For decades, the fight against weeds in Arkansas agriculture —barnyardgrass and Palmer amaranth, in particular — has been an ongoing war of attrition as weed populations gradually acquire resistance to one herbicidal chemistry after another.
During this time, weed scientists and other experts with the University of Arkansas have encouraged growers to adopt cultural practices and other alternatives to relying solely on chemistries for weed control, ranging from the use of crop rotation and cover crops to reduced row spacing.
As the 2018 harvest approaches, Division of Agriculture researchers are embarking on a multi-year trial to test the efficacy of a new iteration of machinery known as the Integrated Harrington Seed Destructor. The project will evaluate the rig’s ability to aid harvest weed seed control. The practice is intended to prevent weed seeds from replenishing the seed bank during harvest, thus denying them the opportunity to germinate and grow in the following season.
Originally designed as a trailer-mounted unit pulled behind a combine on its own trailer, the new Integrated Harrington Seed Destructor being tested on large research plots at the Newport Extension Center is retrofitted onto a John Deere 9760 STS. The HSD is powered by mechanical energy generated through a belt system attached to the combine’s straw chopper.
The destructor’s grinder mill, which turns at about 3,100 revolutions per minute, effectively pulverizes anything put through it, ejecting a fine powder in its final stage.
Jason Norsworthy, weed scientist and crop, soil and environmental science professor, says the integrated version of the equipment was a more practical choice for Arkansas farmers over the original design. The seed destructor was originally designed and implemented in Australia, where farming conditions tend to be more arid.
“In 2016, we tested a HSD prototype on 12 common Arkansas weeds,” Norsworthy says. “On 11 of those 12, we had a 99 percent kill rate or better. On the 12th, we had a 97 percent kill rate.”
Tom Barber, Extension weed scientist for the Division of Agriculture, points out that at the time of the HSD’s widespread adoption in Australia, the nation had run out of control options for rigid ryegrass in wheat and other cereals.
“We’re not completely out of options yet in the Mid-South, but we’re running short on options,” Barber says. “We have pigweed populations in our state that are resistant to four different modes of action, especially in northeast Arkansas. So we’re looking for that next thing that’s not chemical. A new cultural practice that can reduce weed seed going back into the seed bank, which will, in turn, reduce the numbers we have to deal with the following year.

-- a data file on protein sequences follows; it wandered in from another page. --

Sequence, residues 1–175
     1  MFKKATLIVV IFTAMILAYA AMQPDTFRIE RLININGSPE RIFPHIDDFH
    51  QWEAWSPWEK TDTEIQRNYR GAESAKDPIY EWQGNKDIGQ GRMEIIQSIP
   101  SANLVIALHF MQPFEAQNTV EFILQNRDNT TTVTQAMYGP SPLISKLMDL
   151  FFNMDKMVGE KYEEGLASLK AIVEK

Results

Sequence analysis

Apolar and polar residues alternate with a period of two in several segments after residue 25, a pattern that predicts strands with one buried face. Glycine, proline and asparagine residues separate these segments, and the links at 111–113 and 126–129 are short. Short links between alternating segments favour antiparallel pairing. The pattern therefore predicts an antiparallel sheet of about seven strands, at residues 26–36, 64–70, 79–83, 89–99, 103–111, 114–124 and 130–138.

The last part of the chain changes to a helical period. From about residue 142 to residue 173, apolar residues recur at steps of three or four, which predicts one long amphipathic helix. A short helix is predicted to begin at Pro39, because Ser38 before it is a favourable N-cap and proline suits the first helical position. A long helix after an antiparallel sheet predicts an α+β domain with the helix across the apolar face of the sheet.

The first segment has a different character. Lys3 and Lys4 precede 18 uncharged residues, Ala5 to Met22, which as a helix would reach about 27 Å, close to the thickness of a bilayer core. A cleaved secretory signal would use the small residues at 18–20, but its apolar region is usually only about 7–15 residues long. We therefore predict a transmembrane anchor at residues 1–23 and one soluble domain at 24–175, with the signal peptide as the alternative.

“This time of year, you’ll see a lot of Palmer amaranth in soybean and cotton fields— some in rice fields. With this piece of equipment, the idea is that the majority of those seeds will go into the mill and be destroyed, and that’s less that we have to deal with in the subsequent crop.”
Palmer amaranth — commonly known as Palmer pigweed — has long been the bane of Arkansas growers. The integrated HSD may prove especially effective in reducing the weed’s survival because about 99 percent of its seed is retained on the plant itself, a helpful fact when the plant is utterly pulverized during the destruction process.
Barnyardgrass, on the other hand, only retains about a third of its seeds, making it more difficult to affect the weed’s soil bank numbers. Nevertheless, Norsworthy and Barber believe the HSD has the potential to significantly reduce the weed seed bank.
“With Palmer amaranth, 95 percent or more of it will be gone from the seed bank within three years,” Norsworthy says. “So by limiting these new introductions, we’re going to quickly reduce the seed bank. It’s not only Palmer amaranth, though — things like barnyardgrass are going to be relatively short-lived in the seed bank.”
The researchers warn, however, that no single practice should be treated as a cure-all.
“There’s some research in Australia that shows that if you only focus on weed seed control, or the HSD, after repeating that tactic year after year, you can select for resistance to the HSD if it’s the only tactic you use in the field,” Norsworthy says. “This is just a tool, not a stand-alone system. It’s a tool we can integrate into our current system that’s going to help us sustain the utility of the herbicides we have today.”
“We don’t have any new modes of action—herbicides—being developed,” Barber says. “It’s been 30 years since a new mode of action was developed. We don’t think our solutions in the future are going to come out of a jug, at least long term, because we’ve been on this resistance trend for at least 10 years now.”
Norsworthy and Barber say they’d like to have at least three years of data on the HSD’s efficacy in the state, and that the first year will likely present a steep learning curve.
“We know that this technology works well in Australia,” Barber says. “But this is Arkansas. Our combines have to have four-wheel drive and massive tires — sometimes we just have to ‘cut in the mud.’”
“There’s always going to be bugs in a system and learning what its limitations are,” Norsworthy says. “Beyond that, we’re looking forward to understanding what effect it’s having on the soil seed bank, and how we’re utilizing that in a cropping system.”
The University of Arkansas contributed this article.